Operation systems of the Unix family feature a file
system order that is
- thoroughly hierarchical (one 'directory
- specific to the function of a file and not
to its program context (no 'program directories').
Hierarchy here means that the directory tree is indeed
one tree. Directories follow a designed order starting from the root directory
('/') instead of having so-called 'drives'.
Within MS Windows, you may put your files (almost) anywhere: on 'C', 'D',
'E' etc. Hierarchical structures are managed by the programs themselves ('program
directories') and not by the operating system.
Unix (and therefore Linux) on the other hand sorts directories ascending from
the root directory '/' according to their importance for the boot process.
And here it is the operating system that determines into which directories
programs have to put their files into. Directories are not program- but function-specific.
If you install a program in MS Windows, it usually stores
most of its files in its own directory structure. A help file for instance
may be in 'program name\' or in 'program_name\help'
or in 'program name\hoopy\frog\turnip'.
In Linux, programs put their documentation into '/usr/share/doc/program_name',
man pages into '/usr/share/man/man[1-9]', info pages into '/usr/share/info'.That
is they are merged with the system hierarchy.
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One reason for this arrangement is that a centralized
file system hierarchy is much easier to administer. For instance changes
on one machine can be easily transferred to the clients on the network.
A consequence of this structure is the concept of partition mounts which usually
confuses new users. All GNU/Linux partitions on your hard drive are mounted
to ('hooked into') mount directories (aka 'mount points'). And you access
them via these directories ('/' or '/usr' or '/mnt/cdrom' etc). This assures
a seamless integration into the system, regardless if the mount is a local
partition or one on the network server. And the mount names stay the same,
if there are partitions or external media mounted to them or not. In contrast
to Windows, where an additional local 'drive letter' changes all the 'drive
letters' behind it and networked partitions are handled as extra 'drives'.
Another reason is that Linux caches a lot of disk accesses using system
memory while it is running to accelerate these accesses.
It is therefore vitally important that these buffers are 'flushed' (i.e.
get their content written to disk), before the system closes down.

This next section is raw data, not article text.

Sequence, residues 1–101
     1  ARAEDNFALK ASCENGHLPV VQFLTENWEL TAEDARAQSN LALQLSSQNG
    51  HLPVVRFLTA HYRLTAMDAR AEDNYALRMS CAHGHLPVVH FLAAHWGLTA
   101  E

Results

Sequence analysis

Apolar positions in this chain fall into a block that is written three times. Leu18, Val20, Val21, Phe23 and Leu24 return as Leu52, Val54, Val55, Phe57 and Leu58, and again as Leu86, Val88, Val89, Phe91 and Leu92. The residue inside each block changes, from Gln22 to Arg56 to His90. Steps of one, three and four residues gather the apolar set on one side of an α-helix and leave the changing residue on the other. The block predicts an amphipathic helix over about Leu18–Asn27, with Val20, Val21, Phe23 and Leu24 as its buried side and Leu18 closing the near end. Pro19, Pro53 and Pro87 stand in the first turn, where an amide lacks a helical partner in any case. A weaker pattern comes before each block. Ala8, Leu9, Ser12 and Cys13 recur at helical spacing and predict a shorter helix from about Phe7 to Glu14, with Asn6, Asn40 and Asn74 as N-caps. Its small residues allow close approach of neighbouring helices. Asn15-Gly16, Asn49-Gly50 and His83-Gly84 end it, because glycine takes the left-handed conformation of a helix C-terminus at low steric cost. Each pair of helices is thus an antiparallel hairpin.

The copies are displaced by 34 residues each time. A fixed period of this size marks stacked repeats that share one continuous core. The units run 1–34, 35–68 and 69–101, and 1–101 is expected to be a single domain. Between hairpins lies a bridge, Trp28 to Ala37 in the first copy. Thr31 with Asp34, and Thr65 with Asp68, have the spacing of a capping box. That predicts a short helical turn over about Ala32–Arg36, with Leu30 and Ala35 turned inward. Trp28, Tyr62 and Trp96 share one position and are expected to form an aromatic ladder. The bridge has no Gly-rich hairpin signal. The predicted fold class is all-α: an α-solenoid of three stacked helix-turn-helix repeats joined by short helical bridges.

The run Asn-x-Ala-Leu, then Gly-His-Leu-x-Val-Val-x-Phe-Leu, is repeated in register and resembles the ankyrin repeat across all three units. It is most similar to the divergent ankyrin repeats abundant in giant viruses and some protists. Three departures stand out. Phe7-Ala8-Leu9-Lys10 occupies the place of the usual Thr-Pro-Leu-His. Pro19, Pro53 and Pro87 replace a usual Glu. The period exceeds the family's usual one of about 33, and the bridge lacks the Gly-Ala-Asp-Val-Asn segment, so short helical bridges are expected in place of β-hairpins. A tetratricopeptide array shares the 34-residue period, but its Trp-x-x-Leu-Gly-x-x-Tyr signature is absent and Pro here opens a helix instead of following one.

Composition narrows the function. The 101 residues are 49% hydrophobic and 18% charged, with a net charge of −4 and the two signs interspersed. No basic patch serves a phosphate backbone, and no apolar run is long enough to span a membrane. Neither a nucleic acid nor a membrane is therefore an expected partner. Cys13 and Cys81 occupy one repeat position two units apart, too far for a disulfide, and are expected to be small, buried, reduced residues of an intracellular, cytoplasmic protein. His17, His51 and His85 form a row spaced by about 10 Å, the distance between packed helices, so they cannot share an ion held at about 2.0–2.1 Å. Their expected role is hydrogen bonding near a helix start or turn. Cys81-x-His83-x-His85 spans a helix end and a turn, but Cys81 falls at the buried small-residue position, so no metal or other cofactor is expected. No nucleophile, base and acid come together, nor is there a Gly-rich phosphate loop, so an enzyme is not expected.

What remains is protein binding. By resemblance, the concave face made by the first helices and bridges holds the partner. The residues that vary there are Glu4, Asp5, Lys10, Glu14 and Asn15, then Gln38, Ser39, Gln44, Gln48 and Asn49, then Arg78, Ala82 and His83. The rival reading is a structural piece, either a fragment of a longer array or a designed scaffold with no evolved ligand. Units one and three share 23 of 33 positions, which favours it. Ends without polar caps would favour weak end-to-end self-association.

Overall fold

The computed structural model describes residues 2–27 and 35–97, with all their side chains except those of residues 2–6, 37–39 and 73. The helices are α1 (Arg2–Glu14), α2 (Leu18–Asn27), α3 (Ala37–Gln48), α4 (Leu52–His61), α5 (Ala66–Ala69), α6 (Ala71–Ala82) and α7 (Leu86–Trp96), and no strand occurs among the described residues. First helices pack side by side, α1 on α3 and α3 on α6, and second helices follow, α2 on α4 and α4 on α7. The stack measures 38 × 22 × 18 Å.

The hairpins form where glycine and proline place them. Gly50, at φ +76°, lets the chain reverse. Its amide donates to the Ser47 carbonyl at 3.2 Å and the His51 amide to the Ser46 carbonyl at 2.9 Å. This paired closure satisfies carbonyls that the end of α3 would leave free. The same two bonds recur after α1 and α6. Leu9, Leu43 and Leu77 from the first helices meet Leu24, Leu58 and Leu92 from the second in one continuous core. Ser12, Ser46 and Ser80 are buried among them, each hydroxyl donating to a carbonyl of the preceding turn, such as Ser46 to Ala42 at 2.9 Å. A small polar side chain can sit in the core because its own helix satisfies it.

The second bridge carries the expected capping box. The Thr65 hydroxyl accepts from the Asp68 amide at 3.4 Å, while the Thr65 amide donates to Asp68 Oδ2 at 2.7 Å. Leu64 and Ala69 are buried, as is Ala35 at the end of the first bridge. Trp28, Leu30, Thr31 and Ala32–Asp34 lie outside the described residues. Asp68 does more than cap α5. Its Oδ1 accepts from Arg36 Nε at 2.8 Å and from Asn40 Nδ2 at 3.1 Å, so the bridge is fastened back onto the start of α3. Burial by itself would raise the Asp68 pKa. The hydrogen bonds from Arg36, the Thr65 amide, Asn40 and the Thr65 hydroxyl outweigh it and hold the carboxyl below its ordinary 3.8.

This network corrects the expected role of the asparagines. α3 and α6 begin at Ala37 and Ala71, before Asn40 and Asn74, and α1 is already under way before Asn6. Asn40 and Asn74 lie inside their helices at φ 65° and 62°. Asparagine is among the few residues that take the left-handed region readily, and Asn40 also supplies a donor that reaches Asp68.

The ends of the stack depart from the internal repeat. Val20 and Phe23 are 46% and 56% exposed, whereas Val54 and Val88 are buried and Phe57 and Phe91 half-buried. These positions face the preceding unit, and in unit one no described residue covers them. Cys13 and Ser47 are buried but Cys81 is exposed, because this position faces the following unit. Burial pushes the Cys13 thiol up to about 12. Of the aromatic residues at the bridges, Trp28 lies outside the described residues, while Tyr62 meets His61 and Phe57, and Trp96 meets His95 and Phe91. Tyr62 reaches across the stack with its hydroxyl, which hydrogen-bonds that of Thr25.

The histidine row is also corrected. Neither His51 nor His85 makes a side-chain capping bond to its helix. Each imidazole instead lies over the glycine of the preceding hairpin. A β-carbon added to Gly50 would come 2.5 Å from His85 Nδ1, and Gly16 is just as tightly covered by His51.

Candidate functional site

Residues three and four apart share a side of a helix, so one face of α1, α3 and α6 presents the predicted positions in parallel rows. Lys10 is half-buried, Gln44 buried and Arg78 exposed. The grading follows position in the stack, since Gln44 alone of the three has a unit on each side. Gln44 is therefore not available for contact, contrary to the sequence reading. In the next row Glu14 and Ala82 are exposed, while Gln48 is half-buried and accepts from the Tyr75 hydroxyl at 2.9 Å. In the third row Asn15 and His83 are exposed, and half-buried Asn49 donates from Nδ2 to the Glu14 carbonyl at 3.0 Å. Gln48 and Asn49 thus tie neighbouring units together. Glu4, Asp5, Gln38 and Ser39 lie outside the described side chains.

Else files are left in an 'undetermined state'. And that's a very bad thing
for files to be left in.
Flushing is achieved by 'unmounting' the partitions during proper system shutdown.
Don't switch your system off while it is running!
You may get away with it quite often, since the Linux file system is very
robust, but you may also wreak havoc upon important files. Just hit <CTRL
ALT DEL> or use the proper commands (e.g. init 6) / buttons.
This will shut down the system in a decent way and reboot it. And thus guarantee
the integrity of your files.
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So far, I've told you how it should be. Now
about how it is in the real world ;-).
As you will see on the following pages, the implementation
of this concept on Linux isn't perfect. Some people would even say it's far
Linux has always attracted individualists. And these people tend to have their
own opinion about a great many things, like for instance into which directories
certain files should be put into. With the arrival of different distributions,
these different opinions became manifest. Some distributions put mount directories
for external media into the 'root' directory, others - like Mandrake Linux
- into '/mnt'. Red Hat based distributions feature the '/etc/sysconfig' sub-hierarchy
for configuration files concerning input and network devices. Other distributions
do not have this directory at all and put the appropriate files elsewhere
or even use completely different mechanisms to do the same thing. Some distributions
put KDE into '/opt/', others - like Mandrake Linux - into '/usr'
But even within a given file system hierarchy, there
are inconsistencies. The graphical subsystem, XFree86, has its own directory
hierarchy, for example. The hierarchy has not so much been designed as 'grown'.
So there are weeds.
This isn't much of a problem as long as you compile
programs yourself: you can then adapt their configure scripts or Makefiles
to your system's configuration. But it's different if you install pre-compiled
packages like RPMs. Often these are not adaptable from one file system hierarchy
to another. What's worse: some RPMs might even create their own hierarchy.
If you, say, install a KDE RPM from the SuSE Linux distribution on your ML
system, the binary will be put into '/opt/kde2/bin'. And thus it won't work,
because ML expects it to be in '/usr/bin'.
There are of course ways to circumvent this problem
(discussed in the article on RPM), but
the current situation clearly is unsatisfying. Therefore all the leading
GNU/Linux distributors have joined the Linux Standard Base project, which
is currently trying to create a common standard for GNU/Linux distributions.
As you might imagine, this isn't easy, because changing the file system hierarchy
means a lot of work for distributors. And so every distributor tries to push
a standard which will allow him to keep as much of his own hierarchy as possible
The LSB will also encompass the proposals made by the
File system Hierarchy
Standard project (FHS, former FSSTND). Starting with 7.2, Mandrake Linux
has taken some pains to reorganize its file system hierarchy for greater
FHS and LSB compliance. These changes will be discussed on the next pages,
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The root Directory